Voltaire, Candide, and Optimism

 

How are we to confront the problem of the existence of evil? The Enlightenment philosopher Gottfried Leibniz, in his 1710 work Essais de Théodicée sur la bonté de Dieu, la liberté de l'homme et l'origine du mal (Essays on the Goodness of God, the Freedom of Man and the Origin of Evil), attempted to address this problem. Leibniz took on this central question of theodicy:

If God is all-good (omnibenevolent), all-powerful (omnipotent), and all-knowing (omniscient), how do we explain the existence of suffering and injustice in the world?

Leibniz's solution casts God as a kind of "optimizer" of the collection of all possibilities. This world could have been constructed in a number of different ways. Since God is all-good and all-powerful, and since He chose this world out of all possibilities, this world must be good, even if we can't see it as such. In fact, this world must be the best of all possible worlds.

Voltaire constructed Candide partially for the purpose of entertainment, but mostly to satirize the fallacy in Leibniz's theory of optimism. Throughout the course of his saga, Voltaire juxtaposes the raw, unrepressed optimism of one character in the story with exaggerated real-world adventures of pessimism and gloom. From gruesome war to disease, sedition, and deceit, Voltaire misses none of the bad in "the best of all possible worlds."

Leibniz argued that our world was the epitome of perfection, and all evils that transpire are for the betterment and evolution of our ideal society. God, he believed, was perfect, and as Earth is the conception of God, it must maintain such sound imperfections. However Voltaire chooses to begin writing on these premises alone to further accentuate his satire, purposefully overlooking the inescapable evil that comes with the "best of all possible worlds". Leibniz was actually not suggesting our world was perfect, but rather was the best of all the worlds available to God. Voltaire disregarded this in Candide".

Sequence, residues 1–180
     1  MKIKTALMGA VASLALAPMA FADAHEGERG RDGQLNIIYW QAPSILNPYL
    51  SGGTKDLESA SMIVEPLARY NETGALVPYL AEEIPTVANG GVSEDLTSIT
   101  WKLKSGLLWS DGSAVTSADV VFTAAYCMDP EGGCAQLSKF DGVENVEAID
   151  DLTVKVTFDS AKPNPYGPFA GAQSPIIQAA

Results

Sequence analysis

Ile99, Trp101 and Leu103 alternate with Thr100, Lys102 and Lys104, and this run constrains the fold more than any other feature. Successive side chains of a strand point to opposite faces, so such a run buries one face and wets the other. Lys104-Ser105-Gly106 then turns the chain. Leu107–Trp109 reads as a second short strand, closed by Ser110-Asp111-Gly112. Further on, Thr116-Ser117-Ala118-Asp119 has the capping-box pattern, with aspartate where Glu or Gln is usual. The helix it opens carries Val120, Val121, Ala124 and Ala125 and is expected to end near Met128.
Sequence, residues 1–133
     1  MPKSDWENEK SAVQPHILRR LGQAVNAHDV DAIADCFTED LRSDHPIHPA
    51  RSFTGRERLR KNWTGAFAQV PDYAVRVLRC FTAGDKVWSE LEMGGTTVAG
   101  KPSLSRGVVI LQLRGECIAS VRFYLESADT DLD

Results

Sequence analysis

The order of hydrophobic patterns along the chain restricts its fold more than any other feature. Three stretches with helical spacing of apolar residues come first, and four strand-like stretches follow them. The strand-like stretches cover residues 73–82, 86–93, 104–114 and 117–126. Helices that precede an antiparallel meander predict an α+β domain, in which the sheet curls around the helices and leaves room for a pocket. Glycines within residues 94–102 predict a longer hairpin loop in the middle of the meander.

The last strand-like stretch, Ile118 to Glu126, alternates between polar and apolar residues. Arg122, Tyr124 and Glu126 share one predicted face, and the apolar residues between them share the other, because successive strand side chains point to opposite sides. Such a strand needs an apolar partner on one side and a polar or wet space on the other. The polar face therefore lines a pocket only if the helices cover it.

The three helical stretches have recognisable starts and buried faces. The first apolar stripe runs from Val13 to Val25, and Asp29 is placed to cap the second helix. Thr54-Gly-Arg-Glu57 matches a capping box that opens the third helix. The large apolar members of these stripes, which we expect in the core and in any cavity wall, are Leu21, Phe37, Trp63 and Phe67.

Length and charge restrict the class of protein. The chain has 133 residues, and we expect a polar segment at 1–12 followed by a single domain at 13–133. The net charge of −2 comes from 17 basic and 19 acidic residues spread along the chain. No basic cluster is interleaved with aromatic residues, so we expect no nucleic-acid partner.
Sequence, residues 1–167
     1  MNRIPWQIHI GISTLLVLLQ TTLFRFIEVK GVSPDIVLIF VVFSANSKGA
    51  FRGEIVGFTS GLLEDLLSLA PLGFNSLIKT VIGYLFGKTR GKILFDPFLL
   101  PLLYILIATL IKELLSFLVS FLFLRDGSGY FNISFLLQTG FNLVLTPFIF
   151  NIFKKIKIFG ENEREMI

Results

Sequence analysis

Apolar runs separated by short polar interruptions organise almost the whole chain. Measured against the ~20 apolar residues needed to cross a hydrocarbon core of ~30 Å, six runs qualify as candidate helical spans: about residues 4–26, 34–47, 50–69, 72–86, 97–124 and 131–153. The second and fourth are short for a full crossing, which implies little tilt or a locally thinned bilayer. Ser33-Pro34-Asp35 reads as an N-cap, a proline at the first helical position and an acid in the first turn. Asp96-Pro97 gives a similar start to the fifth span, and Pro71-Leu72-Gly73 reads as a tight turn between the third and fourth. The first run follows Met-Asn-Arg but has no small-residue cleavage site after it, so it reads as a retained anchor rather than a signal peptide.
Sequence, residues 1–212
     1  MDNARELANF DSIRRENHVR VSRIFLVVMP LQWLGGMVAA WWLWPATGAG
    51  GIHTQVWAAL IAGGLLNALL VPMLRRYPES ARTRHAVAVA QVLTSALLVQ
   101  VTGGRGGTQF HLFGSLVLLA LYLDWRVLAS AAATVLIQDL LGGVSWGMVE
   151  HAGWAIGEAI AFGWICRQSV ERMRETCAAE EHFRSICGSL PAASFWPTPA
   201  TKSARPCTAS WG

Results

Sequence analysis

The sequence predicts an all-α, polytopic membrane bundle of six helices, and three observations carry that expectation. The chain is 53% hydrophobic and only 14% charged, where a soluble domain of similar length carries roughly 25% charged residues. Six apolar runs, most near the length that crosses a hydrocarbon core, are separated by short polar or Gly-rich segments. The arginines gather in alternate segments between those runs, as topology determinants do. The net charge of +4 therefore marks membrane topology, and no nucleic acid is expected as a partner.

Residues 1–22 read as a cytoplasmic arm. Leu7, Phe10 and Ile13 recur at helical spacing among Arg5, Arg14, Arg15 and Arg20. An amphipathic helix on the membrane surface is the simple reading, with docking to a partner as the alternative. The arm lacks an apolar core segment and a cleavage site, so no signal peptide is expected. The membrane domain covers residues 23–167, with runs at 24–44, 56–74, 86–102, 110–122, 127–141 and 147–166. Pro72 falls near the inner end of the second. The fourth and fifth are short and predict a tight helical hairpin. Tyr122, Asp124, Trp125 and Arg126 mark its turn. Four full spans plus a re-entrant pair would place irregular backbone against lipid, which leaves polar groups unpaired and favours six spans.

Dr. Pangloss is introduced as the literary symbolic representation of Leibniz's theory. Conceived early in the novella, the then-naive Candide reveres Pangloss as the supreme authority on all philosophical matters and follows his teachings without question. Candide enters the world with this very closed-minded philosophy to further exaggerate Voltaire's satirical aim, but throughout the story he experiences a fierce internal conflict between his childhood schooling and the realities of society. Voltaire also created the character of Martin, a very pessimistic antagonist acting as the devil whispering palpable cynicism into Candide's ear. As their journey progresses, Candide finds it harder and harder to support the unyielding raw optimism of Pangloss.

Sources:

Maugans, Harry. "Voltaire's Candide." Harry Maugans: Passion, Dedication, Obsession. March 30, 2006. http://www.harrymaugans.com/2006/03/30/voltaires-candide/

Franklin, James. "Leibniz's Solution to the Problem of Evil." Think 5 (Autumn 2003): 97-101. http://web.maths.unsw.edu.au/~jim/think.pdf.

"Best of all possible worlds." December 27, 2011. http://en.wikipedia.org/wiki/Best_of_all_possible_worlds.